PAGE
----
Everyone’s Life Is A Story

I posted earlier about joining a senior bowler league. (You can read about it here.)

Today I want to tell about two very different bowlers I had the opportunity to watch this summer.

The first was a precious little, curly blonde who couldn’t have been older than Young Girl from Pixabaysix. Her pink cheeks equaled Shirley Temple’s and she seemed to have an innocence to match.

She was bowling with an afternoon group of kids who had taken over the entire building. The kids ranged in age from preschool to preteen. Every group had a chaperone who, to me in my senior years, looked like kids themselves. Each lane had the maximum number that they could list and some of the kids were bowling in street shoes. Loud? Chaotic? Oh, yeah.

A friend was meeting me to practice bowl with my new ball before we bowled with our league. When he walked in, his eyes widened as he scanned the wall-to-wall mass of kids. He quickly turned and walked out, shaking his head.

I’m a writer. And I’m nosy. This wasn’t something one gets to see every day so I found a seat.

That’s when I say her. The little angel, straight out of central casting. She held the ball in both hands, carefully walked to the line, and sent the ball on its way.

If you haven’t been in a bowling alley lately, they have come up with a simply marvelous invention. They can put up bumpers along the lanes so that before your ball falls into the gutter, keeping your ball from having a chance to knock down any pins, it bounces off the bumper allowing you to hit something. (No, they don’t let me use them. Stop smirking. And no, I did not ask.)

Her ball, with the speed of an inchworm, first curved to the left, bounced off the bumper and slowly, slowly, continued down the lane.

Every mystery writer hopes to build this amount of tension into their stories. When will the ball hit the pins? What pin will it hit? Will it have enough force to knock anything down?

I tore my eyes from the ball and watched the child. She stood at the line, her wide eyes glued to the inching ball, her hands to her chin. The ball finally hit the pins knocking down three or four.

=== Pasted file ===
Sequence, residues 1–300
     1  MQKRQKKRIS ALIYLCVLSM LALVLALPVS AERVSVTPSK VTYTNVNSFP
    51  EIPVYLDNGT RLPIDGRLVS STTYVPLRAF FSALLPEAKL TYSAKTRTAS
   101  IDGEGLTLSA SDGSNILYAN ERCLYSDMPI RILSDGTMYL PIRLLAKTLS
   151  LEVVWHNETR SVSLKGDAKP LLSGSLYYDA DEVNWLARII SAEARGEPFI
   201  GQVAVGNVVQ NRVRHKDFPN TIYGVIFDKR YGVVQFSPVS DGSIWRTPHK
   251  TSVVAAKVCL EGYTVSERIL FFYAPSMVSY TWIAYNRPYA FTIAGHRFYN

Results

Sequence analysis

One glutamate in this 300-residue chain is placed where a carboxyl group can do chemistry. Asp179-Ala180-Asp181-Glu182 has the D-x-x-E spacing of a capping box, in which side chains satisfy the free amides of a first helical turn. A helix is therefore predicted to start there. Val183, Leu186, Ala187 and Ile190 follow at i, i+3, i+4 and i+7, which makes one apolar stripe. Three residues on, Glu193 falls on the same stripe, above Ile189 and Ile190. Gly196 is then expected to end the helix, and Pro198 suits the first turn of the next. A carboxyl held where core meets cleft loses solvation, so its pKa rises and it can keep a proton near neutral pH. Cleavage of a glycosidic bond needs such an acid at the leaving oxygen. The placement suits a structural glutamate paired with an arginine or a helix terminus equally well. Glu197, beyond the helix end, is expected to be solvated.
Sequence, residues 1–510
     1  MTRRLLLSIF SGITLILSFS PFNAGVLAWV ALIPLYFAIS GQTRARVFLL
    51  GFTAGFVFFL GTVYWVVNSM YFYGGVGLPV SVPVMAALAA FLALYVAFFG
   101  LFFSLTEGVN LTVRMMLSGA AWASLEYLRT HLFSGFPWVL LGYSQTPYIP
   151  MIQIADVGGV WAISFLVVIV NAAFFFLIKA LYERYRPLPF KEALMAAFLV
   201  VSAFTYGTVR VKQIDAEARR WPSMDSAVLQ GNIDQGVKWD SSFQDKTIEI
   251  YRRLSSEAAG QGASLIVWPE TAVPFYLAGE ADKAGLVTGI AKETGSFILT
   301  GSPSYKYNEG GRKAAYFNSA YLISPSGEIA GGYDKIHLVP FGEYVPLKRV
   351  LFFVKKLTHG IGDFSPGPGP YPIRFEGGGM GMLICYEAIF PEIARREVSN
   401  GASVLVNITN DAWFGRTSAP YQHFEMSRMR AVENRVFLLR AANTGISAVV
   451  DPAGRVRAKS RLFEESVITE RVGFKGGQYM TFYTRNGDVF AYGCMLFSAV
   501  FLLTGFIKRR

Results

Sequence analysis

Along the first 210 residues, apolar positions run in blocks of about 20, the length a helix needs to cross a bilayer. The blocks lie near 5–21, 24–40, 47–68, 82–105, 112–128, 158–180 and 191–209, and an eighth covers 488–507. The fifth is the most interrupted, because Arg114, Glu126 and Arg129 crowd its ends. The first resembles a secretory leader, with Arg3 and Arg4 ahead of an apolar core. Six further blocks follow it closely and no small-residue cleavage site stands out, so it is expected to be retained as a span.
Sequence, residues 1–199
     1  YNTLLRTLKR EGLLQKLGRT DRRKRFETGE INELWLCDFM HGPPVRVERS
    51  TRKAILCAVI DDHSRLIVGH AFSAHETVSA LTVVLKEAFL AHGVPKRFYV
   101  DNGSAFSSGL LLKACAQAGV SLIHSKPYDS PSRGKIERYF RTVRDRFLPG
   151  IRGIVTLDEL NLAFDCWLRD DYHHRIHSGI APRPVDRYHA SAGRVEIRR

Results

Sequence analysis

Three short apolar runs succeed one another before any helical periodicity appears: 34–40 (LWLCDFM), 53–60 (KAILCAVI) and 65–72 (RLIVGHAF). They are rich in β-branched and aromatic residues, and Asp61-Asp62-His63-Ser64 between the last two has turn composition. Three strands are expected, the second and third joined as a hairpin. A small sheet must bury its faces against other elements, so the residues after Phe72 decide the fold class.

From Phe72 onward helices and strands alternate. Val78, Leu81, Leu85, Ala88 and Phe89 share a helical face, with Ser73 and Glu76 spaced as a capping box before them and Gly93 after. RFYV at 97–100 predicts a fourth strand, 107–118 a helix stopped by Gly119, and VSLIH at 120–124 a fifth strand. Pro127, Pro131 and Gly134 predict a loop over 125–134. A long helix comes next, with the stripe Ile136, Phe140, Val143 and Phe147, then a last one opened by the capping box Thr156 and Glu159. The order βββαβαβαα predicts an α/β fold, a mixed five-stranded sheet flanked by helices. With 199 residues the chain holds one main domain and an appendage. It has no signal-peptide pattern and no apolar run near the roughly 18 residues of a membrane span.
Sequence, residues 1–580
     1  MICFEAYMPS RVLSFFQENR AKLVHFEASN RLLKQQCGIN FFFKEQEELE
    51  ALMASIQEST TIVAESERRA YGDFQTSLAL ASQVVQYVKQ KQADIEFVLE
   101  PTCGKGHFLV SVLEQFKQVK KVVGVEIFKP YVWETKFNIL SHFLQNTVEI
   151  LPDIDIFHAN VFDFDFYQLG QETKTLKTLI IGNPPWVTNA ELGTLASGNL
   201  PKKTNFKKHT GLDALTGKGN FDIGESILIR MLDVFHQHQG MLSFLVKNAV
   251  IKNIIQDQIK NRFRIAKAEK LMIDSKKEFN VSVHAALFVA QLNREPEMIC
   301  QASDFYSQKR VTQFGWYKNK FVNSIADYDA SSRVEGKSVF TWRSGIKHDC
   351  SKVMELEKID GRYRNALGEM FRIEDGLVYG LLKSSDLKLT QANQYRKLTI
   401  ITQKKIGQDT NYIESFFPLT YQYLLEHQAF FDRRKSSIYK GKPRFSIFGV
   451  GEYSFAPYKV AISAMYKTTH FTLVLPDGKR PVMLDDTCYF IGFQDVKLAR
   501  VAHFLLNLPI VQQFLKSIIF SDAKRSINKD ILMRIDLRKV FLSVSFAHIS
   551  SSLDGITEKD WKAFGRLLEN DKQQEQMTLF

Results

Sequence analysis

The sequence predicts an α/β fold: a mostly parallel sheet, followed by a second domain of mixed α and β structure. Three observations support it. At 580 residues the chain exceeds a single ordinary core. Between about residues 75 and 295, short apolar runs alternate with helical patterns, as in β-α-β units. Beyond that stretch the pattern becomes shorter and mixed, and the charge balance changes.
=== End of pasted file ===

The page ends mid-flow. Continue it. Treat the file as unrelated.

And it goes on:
Her reaction caught me by surprise. I expected to see a leap and the next cheerleader break out. However, without any change of expression on her face, she looked back at her group as if she needed a sign of how she should react.

A child’s innocence. A totally bank slate of experiences or expectations.

As I’ve mentioned before, I’ve recently started bowling in a senior league. One of my teammates is a lady who I’ve been told is 86. Her back is bent, she has to move carefully, but her joy is infectious.

On the monitor above the lanes, there was a space where it showed how fast you rolled your ball. Most of the bowlers bowled from ten miles an hour and up. My speed was around thirteen. My teammate’s speed was six.

Like the little girl’s ball, every eye followed my teammate’s ball as it made its way toward the pins. It’s funny how, as she bowled, our opponents and the people on the lanes around us began to watch and to cheer her on. She knew just where to roll the ball to hit her target.

Bowling Lanes
Bowling Lanes

You heard the ahhs as her ball hit the pocket, the sweet spot that you aim for to knock all the pins down, and inexplicably one or two pins usually remained standing. She couldn’t get the oomph to knock them all down. When she did get a strike, the whole area would erupt.

But it’s my teammate’s reaction when she bowled that most caught my attention. While the ball is still rolling, she would turn and walk back to the start to watch the monitor.

Quite a difference to the little girl who stood like a statue watching her ball until it made contact.

I thought my teammate had bowled so much that she knew what to expect. That the anticipation wasn’t as strong. It was a couple of weeks before I learned the truth.

She couldn’t see the pins.

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